Stories about Humanitarian Response from February, 2011
“The earthquake did not kill people. Bad buildings killed people. Lack of medical care killed people. Lack of infrastructure killed people. Lack of caring government officials kill[s] people”: Dying in Haiti is convinced that “most Haitian suffering is not necessary and is preventable in the first place.”
Sunday, February 27 brought another day of bloodshed in Libya, as an uprising against Colonel Muammar Al Gaddafi's 40-year rule continued into the 11th day. Phone calls with Libyans that have been shared online and translated, show that citizens are still struggling with even basic security.
Gonzalo A. Luengo O. compiled a long list of tweets [es] from February 27, 2010, when an 8.8-magnitude earthquake hit Chile at 3:34 a.m. local time.
Latin American news channel teleSUR managed earlier this week to send several journalists into Tripoli to cover the ongoing uprising in Libya. Nonetheless, its coverage, which seems quite different to the one provided by other international news media, has caught the attention of many Latin American netizens.
Kevin Fortuna at Concern Blogs visits Haiti and writes about his experience.
Toybank is a bank with Toy Deposits and Joy Dividends, an idea which comes with a vision of reaching out to needy children through fun and play, using toys. Debolina Raja Gupta interviews Sweta Chari, the CEO of the Toybank project, to learn more.
As Libyan dictator Muammer Al Gaddafi continues to cling to power, killing protesters who are standing up against him in the process in the most brutal and horrendous crackdown to date, the influx of refugees trying to escape from Libya continues to grow. And as the death tolls rise, aid convoys and journalists continue to trickle into the country.
Albeiro Rodas interviewed Nora Isabel Saldarriaga, the director of “Forjando Futuros” (Shaping Futures), “a Colombian NGO with different projects, but only one ideal: to stay at the side of vulnerable people like the victims of the armed conflict.”
What is happening in Tripoli? Afraid of levels of violence Muammar Al Gaddafi will inflict on the city while clinging to power, Libyans -- and the rest of the world -- want to know. With the city virtually closed to foreign media, videos, photos and Twitter tells us all we know.
While the Arab world has been and is still revolting against its dictators, the situation in Lebanon is a bit different and more complex. According to netizens Imad Bazzi and Ali Fakhry, the Lebanese people are suffering from 128 dictators, who make up the Lebanese Parliament, and a sectarian regime. They decided to stage a protest to voice their concerns. Here is what happened and reactions which followed.
Revive Liberia is a blog by Revive Liberia Missions, Inc., a wholly volunteer, non-denominational Christian group committed to improving the physical and spiritual lives of the people who live in post-war Liberia.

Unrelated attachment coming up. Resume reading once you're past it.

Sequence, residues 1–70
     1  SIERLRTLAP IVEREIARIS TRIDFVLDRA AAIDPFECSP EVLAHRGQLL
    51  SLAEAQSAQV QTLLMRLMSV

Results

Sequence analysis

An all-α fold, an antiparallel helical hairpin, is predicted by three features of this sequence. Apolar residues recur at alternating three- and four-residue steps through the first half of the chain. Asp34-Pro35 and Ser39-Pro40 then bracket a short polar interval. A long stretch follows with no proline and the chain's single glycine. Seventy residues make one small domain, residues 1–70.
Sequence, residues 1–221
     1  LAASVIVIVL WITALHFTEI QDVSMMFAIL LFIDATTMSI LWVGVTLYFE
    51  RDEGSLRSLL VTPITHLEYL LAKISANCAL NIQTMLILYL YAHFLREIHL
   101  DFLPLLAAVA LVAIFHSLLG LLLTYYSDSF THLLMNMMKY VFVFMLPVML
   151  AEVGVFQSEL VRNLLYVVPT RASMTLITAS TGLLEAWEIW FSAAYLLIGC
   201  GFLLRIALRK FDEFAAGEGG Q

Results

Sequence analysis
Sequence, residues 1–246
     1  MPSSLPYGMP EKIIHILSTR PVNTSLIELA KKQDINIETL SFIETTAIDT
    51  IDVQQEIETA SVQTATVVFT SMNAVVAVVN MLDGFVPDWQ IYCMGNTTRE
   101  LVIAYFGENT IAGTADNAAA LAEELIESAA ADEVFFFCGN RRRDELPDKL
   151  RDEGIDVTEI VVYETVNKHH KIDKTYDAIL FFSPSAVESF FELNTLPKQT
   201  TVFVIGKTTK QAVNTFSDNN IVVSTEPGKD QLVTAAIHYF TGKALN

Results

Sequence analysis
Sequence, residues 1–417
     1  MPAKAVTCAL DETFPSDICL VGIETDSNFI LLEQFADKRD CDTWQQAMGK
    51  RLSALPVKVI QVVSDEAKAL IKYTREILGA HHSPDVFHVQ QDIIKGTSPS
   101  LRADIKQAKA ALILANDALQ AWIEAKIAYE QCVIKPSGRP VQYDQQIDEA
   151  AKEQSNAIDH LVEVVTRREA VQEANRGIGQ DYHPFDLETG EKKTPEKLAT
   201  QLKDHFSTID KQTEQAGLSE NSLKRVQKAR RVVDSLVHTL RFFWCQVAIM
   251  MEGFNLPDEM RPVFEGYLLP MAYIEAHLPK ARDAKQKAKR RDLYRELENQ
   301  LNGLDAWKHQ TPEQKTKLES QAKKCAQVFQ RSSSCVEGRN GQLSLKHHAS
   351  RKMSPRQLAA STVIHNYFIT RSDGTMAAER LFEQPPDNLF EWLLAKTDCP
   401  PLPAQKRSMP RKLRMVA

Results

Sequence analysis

“We have to remember that news – that holy, sacred source of information – is biased”: Throwing Down the Water reminds us to ask a few pertinent questions – “Whose story is being told? Through which eyes? For whose benefit?” – when sifting through the news.
Breaking reports from Yemen's capital Sanaa claim that at least one university student has been killed and many others wounded in late-night fights with pro-government forces.
The world is watching in horror, as harrowing reports are making their way from Libya. News of the aerial bombing of Tripoli has united people from all over the world to call for an end to the atrocities committed by Libyan leader Muammar Al Gaddafi against the Libyan people.
Kuwait's stateless population, also known as ‘bedoun' (without nationality), has been holding protests for the third day in a row, calling for equal rights and a citizenship in the country many have been born in and know as their only home. The government says they are illegal residents - and that their demonstrations are illegal too.
Bahrain Television just aired the government's account of today's pre-dawn raid on protesters gathered at the Pearl Roundabout in the capital Manama, which left five people dead, scores injured and up to 60 people missing and still unaccounted for. The programme has raised more questions than answers.
Mikhail Shlyapnikov (LJ user michael-077) writes in detail (RUS) about plans to set up a communal village hospital – old-style, but functional – in Kolionovo, Moscow region: “This, perhaps, is a rare case in contemporary history of rural Russia when, contrary to the general tendency, a village hospital is not...
On December 8, 2010, the Revolutionary Armed Forces of Colombia (FARC) announced they would release five hostages in an open letter to former senator Piedad Córdoba. However, things did not go as planned on Sunday: two hostages were not present at the coordinates provided by FARC. Many Colombian Twitter users expressed their outrage as a result.
“Consider the comforts in your home. Carpet. Furniture. Microwaves. Insulation from the cold and heat. Water that won’t make you and your family sick. Privacy. Now imaging your life without these things. For some it seems impossible. This is how people live every single day in La Limonada,” concludes Kerry...
Yesterday was a roller coaster of emotions for Egyptians. Tarek Amr shares his feelings and those of Egyptian bloggers who witnessed the fall of Mubarak - a man who ruled their country for 30 years and then had to resign because the people screamed in one voice: :Leave!
Don Weinland from China Digital Times has translated prominent blogger Zhai Minglei's report on the attack of human rights activist Chen Guangcheng upon the release of a video depicting his life under police surveillance.